The leaders of Europe will only revive support for Europe if they shift the focus of their agenda to the issues that matter to the public who are not in the council chamber. The irony that infuriates those of us who are committed to Europe is that there is no shortage of popular angles to integration. A continent without barriers has dramatically increased trade and freedom of movement. Increased competition has slashed the cost to consumers of phone calls and air travel. Decent standards of social and economic rights have given working people redress against discrimination and excessive working hours. Most valuable of all, nation states once rivals in war are irreversibly bound together as economic partners.
A fiver to the first reader who hears any of these positive attributes of the European project being articulated on a news bulletin from today's summit. Instead we are being prepared by briefings for Tony Blair to emerge waving a handful of red lines he has preserved. He may well succeed, not least because he had got virtual agreement to them when the European Council last discussed them six months ago.
But there is a fundamental problem in the public position he has taken up for the negotiations. He did not pack his briefcase for Brussels determined to get a good constitution for Europe. He left defiantly proclaiming his resolve to defend Britain against the perceived threat of the constitution. By definition, any success he scores in Brussels will be a victory not for Europe but over Europe. I do not comprehend how he then intends to launch a visionary campaign to persuade the public to vote positively for the Europe whose challenge he has just defeated.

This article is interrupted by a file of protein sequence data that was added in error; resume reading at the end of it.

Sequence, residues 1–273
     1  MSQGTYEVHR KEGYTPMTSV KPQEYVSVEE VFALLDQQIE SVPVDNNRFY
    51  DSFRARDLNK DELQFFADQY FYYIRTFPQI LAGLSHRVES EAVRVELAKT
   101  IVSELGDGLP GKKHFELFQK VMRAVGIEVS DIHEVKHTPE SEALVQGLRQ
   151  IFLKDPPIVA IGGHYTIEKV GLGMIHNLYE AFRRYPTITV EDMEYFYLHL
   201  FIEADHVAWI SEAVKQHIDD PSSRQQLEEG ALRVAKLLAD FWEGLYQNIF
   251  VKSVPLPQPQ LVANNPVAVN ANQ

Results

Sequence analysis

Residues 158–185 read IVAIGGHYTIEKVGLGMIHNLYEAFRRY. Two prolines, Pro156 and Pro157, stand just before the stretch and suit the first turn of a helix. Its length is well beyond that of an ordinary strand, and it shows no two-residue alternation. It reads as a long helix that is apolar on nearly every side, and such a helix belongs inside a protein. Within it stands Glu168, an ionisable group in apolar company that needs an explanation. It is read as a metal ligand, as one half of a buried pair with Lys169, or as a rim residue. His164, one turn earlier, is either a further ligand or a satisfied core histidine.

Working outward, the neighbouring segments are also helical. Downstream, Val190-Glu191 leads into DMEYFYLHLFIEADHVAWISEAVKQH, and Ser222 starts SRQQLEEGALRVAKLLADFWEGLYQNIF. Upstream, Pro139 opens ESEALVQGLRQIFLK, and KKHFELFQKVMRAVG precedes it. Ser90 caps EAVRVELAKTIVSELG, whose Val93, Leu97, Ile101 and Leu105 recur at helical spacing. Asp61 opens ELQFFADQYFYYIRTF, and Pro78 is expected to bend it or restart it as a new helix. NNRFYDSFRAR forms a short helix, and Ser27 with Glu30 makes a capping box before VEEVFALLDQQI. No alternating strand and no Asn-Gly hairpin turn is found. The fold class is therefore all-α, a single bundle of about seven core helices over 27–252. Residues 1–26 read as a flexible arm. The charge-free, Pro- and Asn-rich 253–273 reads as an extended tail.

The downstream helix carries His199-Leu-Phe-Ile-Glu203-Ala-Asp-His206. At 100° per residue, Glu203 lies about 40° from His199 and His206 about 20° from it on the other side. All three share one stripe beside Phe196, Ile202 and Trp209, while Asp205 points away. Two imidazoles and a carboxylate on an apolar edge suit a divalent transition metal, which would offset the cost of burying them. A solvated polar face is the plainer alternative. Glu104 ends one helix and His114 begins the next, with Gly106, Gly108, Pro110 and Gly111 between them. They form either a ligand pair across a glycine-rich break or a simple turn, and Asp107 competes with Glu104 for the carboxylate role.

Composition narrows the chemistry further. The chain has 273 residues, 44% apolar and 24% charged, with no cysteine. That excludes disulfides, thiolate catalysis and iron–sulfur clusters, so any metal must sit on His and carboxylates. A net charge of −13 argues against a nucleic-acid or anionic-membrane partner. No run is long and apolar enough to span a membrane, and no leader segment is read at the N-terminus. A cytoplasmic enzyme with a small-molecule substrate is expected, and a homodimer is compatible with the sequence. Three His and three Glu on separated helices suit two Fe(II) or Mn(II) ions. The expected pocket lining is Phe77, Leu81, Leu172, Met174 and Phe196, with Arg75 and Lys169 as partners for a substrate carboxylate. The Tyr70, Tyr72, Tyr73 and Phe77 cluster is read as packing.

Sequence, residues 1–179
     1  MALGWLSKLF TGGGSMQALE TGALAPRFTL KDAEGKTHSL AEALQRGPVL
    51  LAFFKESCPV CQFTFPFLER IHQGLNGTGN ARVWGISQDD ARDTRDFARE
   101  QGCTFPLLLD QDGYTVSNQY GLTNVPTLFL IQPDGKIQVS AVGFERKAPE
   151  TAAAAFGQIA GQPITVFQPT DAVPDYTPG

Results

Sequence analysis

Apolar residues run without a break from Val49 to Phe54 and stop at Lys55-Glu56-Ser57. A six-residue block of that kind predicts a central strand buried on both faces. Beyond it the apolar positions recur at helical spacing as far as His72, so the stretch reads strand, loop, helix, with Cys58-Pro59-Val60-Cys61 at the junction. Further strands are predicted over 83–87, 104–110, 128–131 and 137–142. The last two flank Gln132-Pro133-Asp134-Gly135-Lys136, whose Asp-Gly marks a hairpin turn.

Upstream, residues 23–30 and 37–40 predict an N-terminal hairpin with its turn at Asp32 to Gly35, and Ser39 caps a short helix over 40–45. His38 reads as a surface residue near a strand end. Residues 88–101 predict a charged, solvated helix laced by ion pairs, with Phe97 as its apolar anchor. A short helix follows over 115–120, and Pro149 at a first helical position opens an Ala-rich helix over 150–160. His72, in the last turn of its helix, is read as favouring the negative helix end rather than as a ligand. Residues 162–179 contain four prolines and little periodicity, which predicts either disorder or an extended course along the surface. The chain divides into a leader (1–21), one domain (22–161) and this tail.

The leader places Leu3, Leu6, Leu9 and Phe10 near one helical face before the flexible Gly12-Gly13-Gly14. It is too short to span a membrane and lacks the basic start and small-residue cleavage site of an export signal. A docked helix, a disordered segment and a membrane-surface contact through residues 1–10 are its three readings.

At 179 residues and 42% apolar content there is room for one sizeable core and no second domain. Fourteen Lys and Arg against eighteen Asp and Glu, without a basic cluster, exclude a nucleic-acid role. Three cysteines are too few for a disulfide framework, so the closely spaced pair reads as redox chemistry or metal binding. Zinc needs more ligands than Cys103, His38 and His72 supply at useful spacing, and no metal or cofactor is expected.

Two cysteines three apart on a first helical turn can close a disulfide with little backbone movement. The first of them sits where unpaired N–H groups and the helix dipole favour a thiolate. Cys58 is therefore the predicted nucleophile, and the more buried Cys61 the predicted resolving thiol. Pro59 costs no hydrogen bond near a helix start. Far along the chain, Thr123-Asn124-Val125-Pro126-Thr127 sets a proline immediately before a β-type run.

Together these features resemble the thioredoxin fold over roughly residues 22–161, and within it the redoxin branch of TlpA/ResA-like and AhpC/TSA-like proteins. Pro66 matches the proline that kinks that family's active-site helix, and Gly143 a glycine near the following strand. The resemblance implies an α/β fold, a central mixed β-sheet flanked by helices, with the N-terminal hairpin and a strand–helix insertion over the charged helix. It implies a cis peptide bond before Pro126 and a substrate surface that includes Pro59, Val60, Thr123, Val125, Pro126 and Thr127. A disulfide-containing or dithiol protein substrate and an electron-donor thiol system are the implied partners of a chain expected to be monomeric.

By contrast, Robert Kilroy-Silk's programme has the advantage of brutal simplicity. When asked what he intended to do in the European Parliament he gleefully responded: "Wreck it". Presumably he will preserve the freedom of movement that enabled him to stay in the villa in Spain where he agreed with a hereditary peer to stand for the party pledged to preserve British traditions from all the insidious European customs they could see from the balcony.
Some of the comment on Sunday's results speculated that the rise of United Kingdom Independence Party was a problem for the Conservative Party, but a plus for Labour. Personally, I regard the strong showing of UKIP as a disaster for us both, and Britain.
Blair's instinctive response to an electoral threat is not to challenge it, but to triangulate it. This would be a serious mistake in response to UKIP. There is not even the most slender common ground on which New Labour could erect one of its favourite third ways, and we must not compromise with the national chauvinism off which they feed.
When I met Anna Lindh, Sweden's foreign minister, for the last time before her murder, she rebuked me for the growing nationalism of the British Government, warning, "We will not beat the right by agreeing they have the right agenda." We will not defeat the opponents of Europe by posing as even tougher than them in resisting Brussels. We will only win by convincing the British people that Europe is not a threat but an asset. That needs a dramatically different agenda from the one on offer this week in Brussels.Reuse content